33 ACUTE COMPLICATIONS of TBI SYSTEMIC COMPROMISE (e.g., shock) INFECTION ENDOCRINOPATHY POST-TRAUMATIC SEIZURES

34 SHAKEN BABY/SHAKEN IMPACT SYNDROME   SUBDURAL HEMATOMA/INTRACEREBRAL HEMORRHAGE   RETINAL/PRE-RETINAL HEMORRHAGE   CEREBRAL EDEMA   + SKULL FRACTURE

35 PENETRATING HEAD INJURY   TYPE of PROJECTILE/WEAPON   VELOCITY and DISTANCE   TRAJECTORY

36 TBI: POST-ACUTE SEQUELAE PHYSICAL DISABILITY SENSORY IMPAIRMENT NEUROCOGNITIVE DEFICITS NEUROBEHAVIORAL/PSYCHIATRIC DISORDER

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38 NEUROCOGNITIVE CONSEQUENCES of TBI Disorders of Attention/Arousal   Difficulty sustaining concentration or dividing attention   Distractibility and diminished capacity to resist interference from competing stimuli   Inattention or neglect (ignores stimuli typically on one side of space)   Hypoarousal and persistent lethargy

39 NEUROCOGNITIVE CONSEQUENCES of TBI Disorders of Memory  Post-Traumatic Amnesia (PTA)  Impaired ability for acquisition of new information, verbal and/or non-verbal  Difficulty with retrieval of information  Persistent amnesia

40 NEUROCOGNITIVE CONSEQUENCES of TBI Disorders of Language  Word-finding or naming difficulty (anomia)  Diminished verbal fluency  Difficulty with articulation of speech (dysarthria)  Difficulty with expression and/or comprehension of language (traumatic aphasia)  Impairment of cognitive-linquistic skills (e.g., reading, spelling) (e.g., reading, spelling)

41 NEUROCOGNITIVE CONSEQUENCES of TBI Disorders of Executive Skill   Difficulty with initiating and/or sustaining purposeful activity   Impairment of organizational and problem- solving skills   Diminished capacity to develop and execute well-formulated plans

42 NEUROCOGNITIVE CONSEQUENCES of TBI Disorders of Executive Skill   Cognitive inflexibility, evidenced in perseveration and limited capacity to generate alternative strategies/integrate feedback Limited capacity for insight and reasoning   Diminished capacity for recognizing or anticipating the consequences of one’s own behavior

43 NEUROBEHAVIORAL CONSEQUENCES of TBI   DEPRESSION   PERSONALITY CHANGE

44 NEUROBEHAVIORAL CONSEQUENCES of TBI DORSOLATERAL PFC SYNDROME   EXECUTIVE SKILL DEFICITS   IMPAIRMENT OF WORKING MEMORY   FLAT AFFECT/PSEUDODEPRESSION   STIMULUS-BOUND BEHAVIOR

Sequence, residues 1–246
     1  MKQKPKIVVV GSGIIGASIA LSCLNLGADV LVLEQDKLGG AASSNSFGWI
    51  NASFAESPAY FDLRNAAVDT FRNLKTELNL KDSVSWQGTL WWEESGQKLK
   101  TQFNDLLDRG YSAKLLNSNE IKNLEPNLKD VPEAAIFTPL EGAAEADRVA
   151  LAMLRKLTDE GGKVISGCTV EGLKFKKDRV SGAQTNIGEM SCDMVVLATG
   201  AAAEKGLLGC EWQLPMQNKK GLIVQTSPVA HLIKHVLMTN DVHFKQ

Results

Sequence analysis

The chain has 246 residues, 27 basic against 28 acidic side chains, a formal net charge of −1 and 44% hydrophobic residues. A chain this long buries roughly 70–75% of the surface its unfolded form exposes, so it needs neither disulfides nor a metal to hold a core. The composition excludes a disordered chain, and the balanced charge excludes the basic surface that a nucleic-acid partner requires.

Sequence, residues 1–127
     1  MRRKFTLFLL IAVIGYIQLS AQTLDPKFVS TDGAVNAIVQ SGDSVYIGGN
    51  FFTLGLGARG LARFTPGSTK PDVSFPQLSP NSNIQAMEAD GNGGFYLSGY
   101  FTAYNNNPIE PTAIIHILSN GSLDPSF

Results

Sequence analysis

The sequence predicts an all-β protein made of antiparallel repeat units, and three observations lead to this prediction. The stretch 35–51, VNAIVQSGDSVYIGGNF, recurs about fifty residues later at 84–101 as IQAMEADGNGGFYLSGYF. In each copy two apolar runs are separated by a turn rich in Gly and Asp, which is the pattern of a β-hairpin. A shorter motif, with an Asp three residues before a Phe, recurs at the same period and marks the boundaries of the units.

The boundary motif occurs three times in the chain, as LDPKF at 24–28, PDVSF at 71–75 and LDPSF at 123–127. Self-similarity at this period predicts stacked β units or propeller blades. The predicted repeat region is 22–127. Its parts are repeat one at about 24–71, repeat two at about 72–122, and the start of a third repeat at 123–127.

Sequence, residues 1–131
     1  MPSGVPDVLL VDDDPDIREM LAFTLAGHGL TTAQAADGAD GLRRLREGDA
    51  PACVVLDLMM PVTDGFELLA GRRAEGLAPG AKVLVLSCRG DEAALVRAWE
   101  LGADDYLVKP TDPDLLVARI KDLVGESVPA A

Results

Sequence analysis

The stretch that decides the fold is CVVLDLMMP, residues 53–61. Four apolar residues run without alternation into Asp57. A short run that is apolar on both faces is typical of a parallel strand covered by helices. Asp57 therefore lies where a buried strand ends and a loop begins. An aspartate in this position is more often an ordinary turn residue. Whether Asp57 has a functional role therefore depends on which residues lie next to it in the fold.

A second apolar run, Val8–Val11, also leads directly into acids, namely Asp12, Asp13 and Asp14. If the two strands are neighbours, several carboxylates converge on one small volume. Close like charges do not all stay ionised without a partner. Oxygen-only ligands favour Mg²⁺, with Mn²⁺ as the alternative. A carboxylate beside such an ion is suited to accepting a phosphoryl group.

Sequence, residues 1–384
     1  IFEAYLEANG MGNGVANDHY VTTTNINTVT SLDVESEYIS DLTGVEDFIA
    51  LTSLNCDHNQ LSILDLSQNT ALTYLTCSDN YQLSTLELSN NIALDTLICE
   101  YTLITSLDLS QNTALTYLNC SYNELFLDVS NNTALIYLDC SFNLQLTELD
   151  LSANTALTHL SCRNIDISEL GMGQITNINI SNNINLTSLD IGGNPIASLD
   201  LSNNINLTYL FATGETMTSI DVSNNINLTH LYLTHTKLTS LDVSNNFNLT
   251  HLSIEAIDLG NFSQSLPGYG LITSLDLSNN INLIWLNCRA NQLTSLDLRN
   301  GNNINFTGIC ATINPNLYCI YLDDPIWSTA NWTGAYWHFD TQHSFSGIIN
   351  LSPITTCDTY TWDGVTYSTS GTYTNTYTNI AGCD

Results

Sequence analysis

45 NEUROBEHAVIORAL CONSEQUENCES of TBI ORBITOFRONTAL PFC SYNDROME   RELATIVELY PRESERVED NEUROCOGNITIVE SKILLS   IMPAIRED SOCIAL SKILLS/PSEUDOSOCIOPATHY   DISINHIBITION/EMOTIONAL DYSREGULATION   HYPOMANIA-MANIA/PSEUDOPSYCHOPATHY

46 POST-ACUTE SECONDARY DISORDERS   COMPROMISED EDUCATIONAL OUTCOME   COMPROMISED VOCATIONAL OUTCOME   SOCIAL ISOLATION

47 POST-ACUTE SECONDARY DISORDERS   SUBSTANCE ABUSE   INSTITUTIONALIZATION   INCARCERATION

48 FACTORS AFFECTING RECOVERY and OUTCOME AGE SEVERITY OF INJURY DURATION OF UNCONSCIOUSNESS DURATION OF POST-TRAUMATIC AMNESIA (PTA)

49 FACTORS AFFECTING RECOVERY and OUTCOME NATURE OF COMPLICATIONS PREMORBID CONDITIONS (e.g., Psychiatric Disorder, Developmental Disorder) TIMELINESS, APPROPRIATENESS, ACCESS to, and ADEQUACY OF REHABILITATION

50 FACTORS AFFECTING RECOVERY and OUTCOME AWARENESS of, ACCESS to, PROVISION of - ENTITLEMENTS (e.g., Special Education, Medicaid) - OTHER SERVICES/INTERVENTIONS OTHER POST-INJURY RISKS/FACTORS (e.g., substance abuse) FAMILY SUPPORT

51 This webcast presentation was funded, in part, by the Massachusetts Statewide Head Injury Program And… Graphic design and illustrations by Lynne Foy of Graphiis, Newton, Massachusetts

52 Thanks! This radiocast is supported in part by project U 93 MC Partnership for Information and Communication (PIC) Cooperative Agreement with the Department of Health and Human Services (DHHS) Health Resources and Services Administration’s Maternal and Child Health Bureau.

53 Following a 10 minute break, Dr. LaVecchia will answer questions. To submit questions: AIM: NASHIA